Australian operations in Borneo

Australian infantry, gunners, and members of the Special Air Service Regiment (SAS) saw action in Borneo during the Malaysian-Indonesian Confrontation.

The 3rd Battalion, the Royal Australian Regiment (3 RAR) carried out a two-year-long tour of duty in Malaysia from July 1963 as part of the 28th Commonwealth Brigade. The battalion’s first experience of the Malaysian-Indonesian Confrontation occurred in October 1964 when some of its members cooperated with New Zealand infantry in rounding up a force of 50 Indonesian troops that had landed in southern Malaya.

In March 1965 3 RAR arrived in Borneo and relieved a Ghurkha unit at Bau in western Sarawak. The battalion remained in the area for four months, during which time it carried out patrolling and ambush operations on both sides of the border with Indonesia. Although the heaviest fighting of the battalion’s time in Borneo occurred in ambushes of Indonesian troops, the three Australian soldiers killed during this period were victims of mines laid by the Indonesians.

The 4th Battalion, the Royal Australian Regiment (4 RAR) replaced 3 RAR in the 28th Commonwealth Brigade and served in Sarawak between April and August 1966. Operating from fortified bases around Bau, the battalion carried out patrols on both sides of the border, some of which led to clashes with Indonesian soldiers. In addition to military operations, the battalion conducted a ‘hearts and minds’ campaign designed to deter the locals from giving assistance to the Indonesians.

The Australian 102nd Field Battery served in Borneo between May and August 1965. Equipped with L5 pack howitzers, the battery supported 3 RAR, Ghurkha units, and British Guards and Parachute Regiments. Although the battery’s main task was to provide the defensive fire for Commonwealth infantry outposts, it also assisted with support fire for secret ‘claret’ operations in Indonesian territory.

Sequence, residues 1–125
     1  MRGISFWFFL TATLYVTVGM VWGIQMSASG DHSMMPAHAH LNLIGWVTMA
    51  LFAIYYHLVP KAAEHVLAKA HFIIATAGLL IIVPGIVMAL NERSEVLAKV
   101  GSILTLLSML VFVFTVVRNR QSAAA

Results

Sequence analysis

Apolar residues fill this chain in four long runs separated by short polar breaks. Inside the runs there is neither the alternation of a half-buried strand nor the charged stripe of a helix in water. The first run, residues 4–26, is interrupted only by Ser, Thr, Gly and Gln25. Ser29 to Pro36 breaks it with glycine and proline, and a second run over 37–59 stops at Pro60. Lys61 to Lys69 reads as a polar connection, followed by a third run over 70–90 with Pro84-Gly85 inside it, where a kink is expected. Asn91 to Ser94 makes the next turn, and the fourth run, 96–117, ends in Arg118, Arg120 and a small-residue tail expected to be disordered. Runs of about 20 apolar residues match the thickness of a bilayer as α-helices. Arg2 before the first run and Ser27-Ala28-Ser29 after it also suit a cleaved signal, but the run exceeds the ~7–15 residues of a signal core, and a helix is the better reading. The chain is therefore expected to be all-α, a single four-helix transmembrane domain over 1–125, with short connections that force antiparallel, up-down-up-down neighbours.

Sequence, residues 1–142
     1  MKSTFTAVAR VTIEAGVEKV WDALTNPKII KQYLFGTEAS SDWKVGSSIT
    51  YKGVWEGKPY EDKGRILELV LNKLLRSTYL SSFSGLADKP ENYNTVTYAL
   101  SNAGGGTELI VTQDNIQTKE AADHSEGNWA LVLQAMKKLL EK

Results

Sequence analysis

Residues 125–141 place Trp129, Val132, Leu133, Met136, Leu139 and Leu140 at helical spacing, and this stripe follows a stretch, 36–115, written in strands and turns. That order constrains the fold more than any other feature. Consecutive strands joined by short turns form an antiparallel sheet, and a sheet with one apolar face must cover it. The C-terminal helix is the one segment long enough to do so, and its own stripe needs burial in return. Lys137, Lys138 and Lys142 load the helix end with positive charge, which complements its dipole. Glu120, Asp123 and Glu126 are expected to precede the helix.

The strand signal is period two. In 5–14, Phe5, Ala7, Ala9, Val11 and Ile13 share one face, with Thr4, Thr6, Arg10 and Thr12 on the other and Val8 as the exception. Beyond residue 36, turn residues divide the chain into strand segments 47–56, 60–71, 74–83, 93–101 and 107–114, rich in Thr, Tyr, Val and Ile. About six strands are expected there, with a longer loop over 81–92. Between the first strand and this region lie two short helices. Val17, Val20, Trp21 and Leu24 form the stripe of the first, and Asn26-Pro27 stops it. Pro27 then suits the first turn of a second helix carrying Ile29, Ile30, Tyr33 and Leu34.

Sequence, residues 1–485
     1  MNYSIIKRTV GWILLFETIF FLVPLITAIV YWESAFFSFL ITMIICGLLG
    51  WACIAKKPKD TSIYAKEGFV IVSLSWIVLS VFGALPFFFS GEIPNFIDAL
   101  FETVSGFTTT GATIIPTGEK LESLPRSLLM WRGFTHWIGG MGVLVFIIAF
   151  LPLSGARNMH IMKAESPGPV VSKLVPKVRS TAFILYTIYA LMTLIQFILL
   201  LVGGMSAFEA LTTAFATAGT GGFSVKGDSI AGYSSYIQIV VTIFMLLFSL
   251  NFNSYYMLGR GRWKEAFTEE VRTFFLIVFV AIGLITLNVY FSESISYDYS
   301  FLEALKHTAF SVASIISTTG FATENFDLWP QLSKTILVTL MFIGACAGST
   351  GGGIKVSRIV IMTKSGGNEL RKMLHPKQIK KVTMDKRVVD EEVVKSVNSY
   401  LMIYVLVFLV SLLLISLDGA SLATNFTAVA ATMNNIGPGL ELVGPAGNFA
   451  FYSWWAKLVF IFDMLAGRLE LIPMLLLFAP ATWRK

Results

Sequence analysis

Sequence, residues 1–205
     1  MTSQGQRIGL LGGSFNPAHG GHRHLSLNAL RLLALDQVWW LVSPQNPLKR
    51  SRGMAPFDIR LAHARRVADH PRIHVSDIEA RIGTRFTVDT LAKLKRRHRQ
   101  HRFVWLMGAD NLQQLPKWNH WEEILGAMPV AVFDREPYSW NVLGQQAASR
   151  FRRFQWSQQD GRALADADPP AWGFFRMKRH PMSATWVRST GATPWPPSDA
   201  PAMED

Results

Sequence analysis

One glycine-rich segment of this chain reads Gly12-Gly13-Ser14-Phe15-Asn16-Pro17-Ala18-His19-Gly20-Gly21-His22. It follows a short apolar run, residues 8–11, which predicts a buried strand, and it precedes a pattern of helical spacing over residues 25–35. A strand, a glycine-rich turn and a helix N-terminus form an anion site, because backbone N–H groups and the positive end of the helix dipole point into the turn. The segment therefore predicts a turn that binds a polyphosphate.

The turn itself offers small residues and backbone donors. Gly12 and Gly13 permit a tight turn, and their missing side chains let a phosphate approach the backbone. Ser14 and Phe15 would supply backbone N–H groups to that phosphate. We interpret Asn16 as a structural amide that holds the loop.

Australian SAS soldiers were deployed overseas for the first time during the Indonesian Confrontation. The 1st Squadron of the Australian SAS Regiment served in Borneo from February to August 1965. Three months of this period were spent on ‘claret’ operations against the Indonesians. The squadron also conducted more conventional reconnaissance patrols and ‘hearts and minds’ operations. The 2nd Australian SAS Squadron operated in Borneo between February and July 1966, performing a range of tasks including ‘claret’ operations. Three members of the Australian SAS were killed in action in Borneo.

The Royal Australian Air Force had limited involvement in Confrontation. No. 5 Squadron RAAF provided Iroquois helicopters for operations in the area around the Thai border while six C130 flights per month carried troops and supplies between Malaya and Borneo. The latter were provided by No. 36 Squadron which was based at Richmond in New South Wales but whose crews flew to a wide range of locales in their transport role. During the period of Confrontation, 36 Squadron aircraft were also involved in supporting the Australian effort in Vietnam.


You may also like


  • Richard Pelling August 31, 2022  

    Are you including Lance Corporal Paul Harold Denehey, No. 1 Squadron Special Air Service (SAS), who was killed by a wild elephant while on patrol along the Sabah border in Borneo on 06 Jun 1965 in your number of KIA S Richard

  • Eddie Barton August 31, 2022  

    Is there any reason why nothing or very little is being written about the Regiments that participated in the Malayan Emergency up to its declared ending in 1960. 1Bn, 2Bn and 3Bn were involved in that conflict. Our RAAF and NAVY were also involved under the control of the 28th commonwealth brigade
    I was with 1 Battalion The Royal Australian Regiment in Malaya in 1959 till 1961.
    The Korean veterans are dwindling and so now are the veterans of the Malayan Emergency up to 1960.
    If other important dates can be celebrated in a huge way meticulously, then why cannot the above mentions be somewhat more promoted to show that more interest is paid to veterans of that era.
    We all have serve our country without hesitation because it’s in our blood.

Leave a comment